Jay McClelland

Jay McClelland, pictured holding a ball of Edam cheese.
Photo by David Ammon

MSU cheese is a tradition 85 years strong. For 30 of those years, Jay McClelland has had a role behind the scenes, making sure each ball of iconic MSU Edam cheese is hand-crafted to the standard MSU cheese lovers have come to expect.

Success through hard work is a family mantra for the Custer Dairy Processing Plant manager and Sturgis native.

“I try my best at whatever I do. My family instilled in me that the way to get ahead is to work harder than everybody else. When I was young, I started football as the smallest kid on the team and I had to work harder than anybody else and persevere,” he said.

McClelland began as an assistant cheesemaker in 1993. His uncle—a cheesemaker at the time—encouraged him to apply, and he was hired on the spot. He then graduated to cheesemaker, milk collection driver, milk delivery driver, warehouse supervisor, assistant manager, and now plant manager, a position he’s held since 2019.

“I’ve worked in every position, which is great for my employees because I know what they go through, so I try to make it easier for them,” he said.

While football was a pastime for the younger McClelland, music also was a passion. He was a drummer in bands for more than 25 years, traveling across the Southeast for weekend shows and showing up dutifully on Monday mornings to make MSU cheese. He said he found humility in hard work during that season of his life.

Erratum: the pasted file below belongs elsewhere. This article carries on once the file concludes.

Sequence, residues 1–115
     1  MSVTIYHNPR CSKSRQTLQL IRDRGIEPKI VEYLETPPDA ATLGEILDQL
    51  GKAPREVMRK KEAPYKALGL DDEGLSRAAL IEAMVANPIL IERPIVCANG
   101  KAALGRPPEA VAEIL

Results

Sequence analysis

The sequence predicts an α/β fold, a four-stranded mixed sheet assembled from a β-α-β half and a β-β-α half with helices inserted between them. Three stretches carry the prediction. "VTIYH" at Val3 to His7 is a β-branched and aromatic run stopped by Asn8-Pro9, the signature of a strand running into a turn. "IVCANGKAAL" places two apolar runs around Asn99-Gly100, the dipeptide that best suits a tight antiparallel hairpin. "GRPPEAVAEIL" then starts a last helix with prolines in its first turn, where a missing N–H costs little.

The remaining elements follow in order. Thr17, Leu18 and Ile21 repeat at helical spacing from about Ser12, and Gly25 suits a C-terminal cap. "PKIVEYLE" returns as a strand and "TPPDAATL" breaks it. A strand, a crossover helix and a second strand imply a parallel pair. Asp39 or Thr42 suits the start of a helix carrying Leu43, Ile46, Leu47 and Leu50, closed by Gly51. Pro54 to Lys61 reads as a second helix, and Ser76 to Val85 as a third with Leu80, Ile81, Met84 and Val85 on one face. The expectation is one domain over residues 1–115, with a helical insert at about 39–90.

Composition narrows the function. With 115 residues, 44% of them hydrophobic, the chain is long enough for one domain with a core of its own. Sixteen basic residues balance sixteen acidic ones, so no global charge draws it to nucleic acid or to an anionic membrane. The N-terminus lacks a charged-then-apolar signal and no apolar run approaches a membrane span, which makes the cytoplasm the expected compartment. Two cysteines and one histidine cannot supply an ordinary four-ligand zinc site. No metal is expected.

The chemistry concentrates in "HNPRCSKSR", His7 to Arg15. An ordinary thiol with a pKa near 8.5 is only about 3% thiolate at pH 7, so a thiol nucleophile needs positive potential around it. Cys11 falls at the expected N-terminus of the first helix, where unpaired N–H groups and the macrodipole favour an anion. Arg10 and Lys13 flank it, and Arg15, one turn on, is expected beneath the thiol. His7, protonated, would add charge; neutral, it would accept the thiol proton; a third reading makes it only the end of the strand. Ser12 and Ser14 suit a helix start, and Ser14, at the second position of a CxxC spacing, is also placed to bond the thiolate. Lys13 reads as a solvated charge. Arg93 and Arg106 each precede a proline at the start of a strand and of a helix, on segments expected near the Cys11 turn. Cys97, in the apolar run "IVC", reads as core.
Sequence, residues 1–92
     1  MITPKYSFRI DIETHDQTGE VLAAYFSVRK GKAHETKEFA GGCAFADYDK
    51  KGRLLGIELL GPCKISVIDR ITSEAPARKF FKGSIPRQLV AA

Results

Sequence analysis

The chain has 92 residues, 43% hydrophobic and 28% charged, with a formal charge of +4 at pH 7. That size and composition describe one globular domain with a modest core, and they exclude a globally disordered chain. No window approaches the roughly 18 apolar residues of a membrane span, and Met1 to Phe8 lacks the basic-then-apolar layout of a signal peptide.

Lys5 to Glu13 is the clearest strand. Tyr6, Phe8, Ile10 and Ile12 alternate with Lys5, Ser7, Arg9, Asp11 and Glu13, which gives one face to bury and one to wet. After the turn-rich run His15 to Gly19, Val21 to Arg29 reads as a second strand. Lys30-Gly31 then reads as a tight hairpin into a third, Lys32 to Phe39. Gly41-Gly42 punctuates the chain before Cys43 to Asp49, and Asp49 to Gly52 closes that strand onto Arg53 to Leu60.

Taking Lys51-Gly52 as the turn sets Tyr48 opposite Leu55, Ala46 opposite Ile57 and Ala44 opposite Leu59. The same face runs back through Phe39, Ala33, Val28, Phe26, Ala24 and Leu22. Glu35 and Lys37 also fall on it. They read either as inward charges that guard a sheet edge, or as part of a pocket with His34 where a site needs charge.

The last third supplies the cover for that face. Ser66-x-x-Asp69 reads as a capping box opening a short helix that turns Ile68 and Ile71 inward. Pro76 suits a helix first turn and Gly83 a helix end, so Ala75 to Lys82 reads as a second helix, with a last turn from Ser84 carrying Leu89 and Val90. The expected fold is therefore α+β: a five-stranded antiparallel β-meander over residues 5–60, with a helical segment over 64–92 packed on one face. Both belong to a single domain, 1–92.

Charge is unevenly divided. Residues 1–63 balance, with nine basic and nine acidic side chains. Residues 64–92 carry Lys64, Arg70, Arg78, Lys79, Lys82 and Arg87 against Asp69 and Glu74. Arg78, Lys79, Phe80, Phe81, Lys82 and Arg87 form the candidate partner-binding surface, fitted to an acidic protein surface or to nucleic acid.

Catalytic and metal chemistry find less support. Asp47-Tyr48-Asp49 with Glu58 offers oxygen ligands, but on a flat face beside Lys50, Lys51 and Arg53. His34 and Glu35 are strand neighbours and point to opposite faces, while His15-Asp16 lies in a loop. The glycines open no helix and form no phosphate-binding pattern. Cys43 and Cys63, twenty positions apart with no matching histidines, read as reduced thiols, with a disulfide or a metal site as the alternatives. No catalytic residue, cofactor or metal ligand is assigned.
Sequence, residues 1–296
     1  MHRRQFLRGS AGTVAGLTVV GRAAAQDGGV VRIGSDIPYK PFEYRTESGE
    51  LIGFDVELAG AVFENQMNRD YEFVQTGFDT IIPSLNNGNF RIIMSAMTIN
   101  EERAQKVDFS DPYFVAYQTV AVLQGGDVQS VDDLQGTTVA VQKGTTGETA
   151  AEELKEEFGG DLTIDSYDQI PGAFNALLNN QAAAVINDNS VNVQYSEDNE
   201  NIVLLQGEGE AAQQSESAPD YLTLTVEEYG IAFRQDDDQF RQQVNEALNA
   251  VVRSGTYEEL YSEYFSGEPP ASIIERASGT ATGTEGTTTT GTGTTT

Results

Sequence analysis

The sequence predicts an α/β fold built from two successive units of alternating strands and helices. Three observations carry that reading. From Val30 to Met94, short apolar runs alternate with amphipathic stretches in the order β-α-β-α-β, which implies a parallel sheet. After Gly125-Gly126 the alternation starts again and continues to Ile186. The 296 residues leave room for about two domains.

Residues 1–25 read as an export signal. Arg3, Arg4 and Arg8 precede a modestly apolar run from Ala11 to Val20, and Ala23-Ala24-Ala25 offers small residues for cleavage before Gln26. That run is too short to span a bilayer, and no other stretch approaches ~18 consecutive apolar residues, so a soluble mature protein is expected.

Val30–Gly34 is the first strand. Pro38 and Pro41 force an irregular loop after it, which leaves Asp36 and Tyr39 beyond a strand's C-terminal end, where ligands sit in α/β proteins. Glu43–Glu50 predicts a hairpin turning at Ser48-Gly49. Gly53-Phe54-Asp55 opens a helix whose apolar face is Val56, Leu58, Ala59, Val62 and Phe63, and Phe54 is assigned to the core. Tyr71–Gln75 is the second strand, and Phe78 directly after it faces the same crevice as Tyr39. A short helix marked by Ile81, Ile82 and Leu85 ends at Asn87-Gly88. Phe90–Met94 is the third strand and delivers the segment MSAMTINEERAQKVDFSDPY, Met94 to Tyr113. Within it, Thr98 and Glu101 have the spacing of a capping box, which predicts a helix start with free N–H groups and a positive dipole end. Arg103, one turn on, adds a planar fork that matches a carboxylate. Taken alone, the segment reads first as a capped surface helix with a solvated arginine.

“Talk about humbling—going from a weekend rockstar to being at the dairy processing plant at six in the morning to make cheese,” he said.

The cheesemaking process is hands-on. Cheesemakers prepare the milk; add a culture called a starter; add rennet to curdle the cheese; cut and process the curds and then hoop or mold the cheese. A single vat of cheese takes up to six hours, and cheesemakers produce between two and three vats a day depending on need. The cheese is then immersed in a salt brine for two days and dried overnight before the wax is applied.

The team, which includes 10 employees and about 18 students throughout the year, produces 50,000 balls of Edam, 40,000 and 20,000 blocks of cheddar and pepper cheese, respectively, plus 10,000 wheels of Vallagret annually. They also make cheddar and pepper cheese spreads, and they produce MSU ice cream and butter from leftover whey or cream from the cheesemaking process.

McClelland said Edam is his favorite cheese.

“Our flagship product keeps people coming back every year,” said McClelland, noting that he’s in good company. “This past year, we received an email from a customer who lives in Edam, Netherlands, the town where Edam cheese originated, who said ours is the best Edam they’ve ever had.”

Whether hailing from across the pond, the country or Mississippi, he enjoys the people the job allows him to meet.

“I’ve met a lot of great people from all over. I also love seeing students coming through and watching them succeed in their next great adventure,” he said.

While the plant has been upgraded for automation, McClelland said he’ll continue to carry on the tried-and-true method of making MSU cheese.

“Our cheesemaking process is a tradition we don’t want to get away from. It’s what sets us apart.”

Jay McClelland, pictured in the Custer Dairy Processing Center